It wasn’t until a few months into Covid, unemployed and desperate, that I started sewing again and creating new looks for virtual drag performances when I realized that we really have to treat every day like our last, and if something makes us happy, we have to go do it. My fear of failure can’t and won’t freeze me in my tracks any longer. Create, make mistakes, learn, then grow. That’s the easiest way to look at it.
If anything, I want people to see my work and feel inspired to achieve great things, wear bold and fierce clothing unapologetically, and help change the world to be a better place for all. With this shop, I also have a chance to give back to socially conscious organizations by donating a portion of all proceeds to groups such as The Trevor Project, Black Visions Collective, and Forge to name a few. I now get to create, inspire, and give back…what could be better?
Any places to eat or things to do that you can share with our readers? If they have a friend visiting town, what are some spots they could take them to?
I’ll say that once Covid is contained and behind us, I cannot wait to take a few folks around LA to show them what it has to offer! My favorite thing to do is to appreciate the landscape! We have beautiful beaches, Will Rogers being an obviously fun spot for queers to frolic to, as well as lighthouse beach, which is more quiet and subdued. I love hiking on trails like Wisdom Tree trail, and even a quick jog through the West Trail at Runyon, or up at griffith. (Or if you’re feeling up for it, you can sneak out of LA for a few hours and go to one of the many trails surrounding the city!) I can’t wait for my favorite gay bars to open such as Faultline, Revolver, and The Eagle. For picnics in the park, a favorite with some of my friends, I love going to Poinsettia Park in WeHo, or walking around the griffith park, admiring the Merry Go Round, and finding a cute spot to put up a hammock and relax for ta few hours.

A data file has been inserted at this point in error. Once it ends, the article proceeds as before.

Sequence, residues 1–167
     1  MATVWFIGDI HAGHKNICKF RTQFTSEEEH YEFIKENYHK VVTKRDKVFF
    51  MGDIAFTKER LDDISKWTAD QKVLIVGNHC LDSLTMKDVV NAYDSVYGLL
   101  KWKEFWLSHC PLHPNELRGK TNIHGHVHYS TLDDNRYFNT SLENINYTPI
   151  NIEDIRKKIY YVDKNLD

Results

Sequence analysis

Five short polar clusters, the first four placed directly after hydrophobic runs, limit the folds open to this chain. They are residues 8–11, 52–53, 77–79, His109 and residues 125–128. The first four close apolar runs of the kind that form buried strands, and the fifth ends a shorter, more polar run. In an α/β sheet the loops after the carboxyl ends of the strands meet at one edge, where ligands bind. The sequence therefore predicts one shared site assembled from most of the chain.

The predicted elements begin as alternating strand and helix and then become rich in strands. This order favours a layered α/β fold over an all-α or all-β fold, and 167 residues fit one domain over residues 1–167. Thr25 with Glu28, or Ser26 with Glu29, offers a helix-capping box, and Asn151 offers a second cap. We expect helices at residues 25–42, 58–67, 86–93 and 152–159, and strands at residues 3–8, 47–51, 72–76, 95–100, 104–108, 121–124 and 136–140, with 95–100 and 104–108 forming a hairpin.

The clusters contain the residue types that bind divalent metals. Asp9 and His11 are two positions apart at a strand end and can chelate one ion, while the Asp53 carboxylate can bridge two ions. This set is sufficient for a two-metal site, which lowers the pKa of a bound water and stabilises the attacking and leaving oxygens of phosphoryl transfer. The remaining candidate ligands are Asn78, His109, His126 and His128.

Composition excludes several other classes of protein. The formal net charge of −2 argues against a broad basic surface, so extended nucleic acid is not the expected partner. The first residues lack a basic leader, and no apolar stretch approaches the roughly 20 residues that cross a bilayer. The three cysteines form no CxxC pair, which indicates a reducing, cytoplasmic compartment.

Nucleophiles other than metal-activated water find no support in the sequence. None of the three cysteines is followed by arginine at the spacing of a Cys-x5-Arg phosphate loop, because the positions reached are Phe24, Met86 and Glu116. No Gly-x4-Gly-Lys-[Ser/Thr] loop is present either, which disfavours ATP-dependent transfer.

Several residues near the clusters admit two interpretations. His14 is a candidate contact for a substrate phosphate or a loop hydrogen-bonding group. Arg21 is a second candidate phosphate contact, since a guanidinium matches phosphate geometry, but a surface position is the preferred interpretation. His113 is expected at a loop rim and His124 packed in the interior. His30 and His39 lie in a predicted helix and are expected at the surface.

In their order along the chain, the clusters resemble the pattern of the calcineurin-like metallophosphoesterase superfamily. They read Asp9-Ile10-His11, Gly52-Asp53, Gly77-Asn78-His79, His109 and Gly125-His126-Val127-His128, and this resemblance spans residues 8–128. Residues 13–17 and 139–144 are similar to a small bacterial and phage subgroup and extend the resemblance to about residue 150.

For shopping, I obviously don’t do a lot of shopping at major fast fashion chains, but sneaking downtown to Santee Alley is always a joy, or just walking around the shops in Santa Monica by the beach, or just take in the Grove with its shops and markets!
Shoutout is all about shouting out others who you feel deserve additional recognition and exposure. Who would you like to shoutout?
In the world of sustainable fashion, I’m constantly inspired by those who have fought for climate change; we have Greta Thunberg, Bernie Sanders, AOC among the most popular here in the states. Even Emma Watson and her love of ethical fashion has been a joy to research and learn from. However, there are political leaders, scientists, activists all over the globe that I admire and thank for their hard work.
I also have to shout out to the many drag performers and queer icons that have personally inspired me, from Marsha P. Johnson to Sahsa Velour, from Keith Haring to Lavern Cox, from my friends to my family! The list is never ending and constantly growing.
Instagram: @itsMildew @ItsBrianKnoebel
Rashida Zagon Salvador Ceja Garcia